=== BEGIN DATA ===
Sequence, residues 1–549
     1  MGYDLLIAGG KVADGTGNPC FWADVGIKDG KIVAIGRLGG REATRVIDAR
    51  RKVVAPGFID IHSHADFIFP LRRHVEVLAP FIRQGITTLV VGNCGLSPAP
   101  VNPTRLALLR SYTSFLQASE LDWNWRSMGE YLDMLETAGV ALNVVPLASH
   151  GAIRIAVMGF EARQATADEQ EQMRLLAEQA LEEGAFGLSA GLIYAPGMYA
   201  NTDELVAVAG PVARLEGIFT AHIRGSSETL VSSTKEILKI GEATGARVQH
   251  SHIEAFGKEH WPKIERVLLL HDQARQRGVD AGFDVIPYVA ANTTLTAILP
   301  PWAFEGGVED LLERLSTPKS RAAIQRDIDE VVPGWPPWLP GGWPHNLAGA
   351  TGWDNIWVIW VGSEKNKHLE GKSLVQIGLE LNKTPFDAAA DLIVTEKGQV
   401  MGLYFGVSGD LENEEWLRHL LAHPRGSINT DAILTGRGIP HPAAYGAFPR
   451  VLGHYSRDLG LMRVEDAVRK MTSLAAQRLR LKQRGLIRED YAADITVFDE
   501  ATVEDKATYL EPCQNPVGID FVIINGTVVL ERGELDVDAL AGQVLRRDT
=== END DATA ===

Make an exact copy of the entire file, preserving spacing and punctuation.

Sequence, residues 1–549
     1  MGYDLLIAGG KVADGTGNPC FWADVGIKDG KIVAIGRLGG REATRVIDAR
    51  RKVVAPGFID IHSHADFIFP LRRHVEVLAP FIRQGITTLV VGNCGLSPAP
   101  VNPTRLALLR SYTSFLQASE LDWNWRSMGE YLDMLETAGV ALNVVPLASH
   151  GAIRIAVMGF EARQATADEQ EQMRLLAEQA LEEGAFGLSA GLIYAPGMYA
   201  NTDELVAVAG PVARLEGIFT AHIRGSSETL VSSTKEILKI GEATGARVQH
   251  SHIEAFGKEH WPKIERVLLL HDQARQRGVD AGFDVIPYVA ANTTLTAILP
   301  PWAFEGGVED LLERLSTPKS RAAIQRDIDE VVPGWPPWLP GGWPHNLAGA
   351  TGWDNIWVIW VGSEKNKHLE GKSLVQIGLE LNKTPFDAAA DLIVTEKGQV
   401  MGLYFGVSGD LENEEWLRHL LAHPRGSINT DAILTGRGIP HPAAYGAFPR
   451  VLGHYSRDLG LMRVEDAVRK MTSLAAQRLR LKQRGLIRED YAADITVFDE
   501  ATVEDKATYL EPCQNPVGID FVIINGTVVL ERGELDVDAL AGQVLRRDT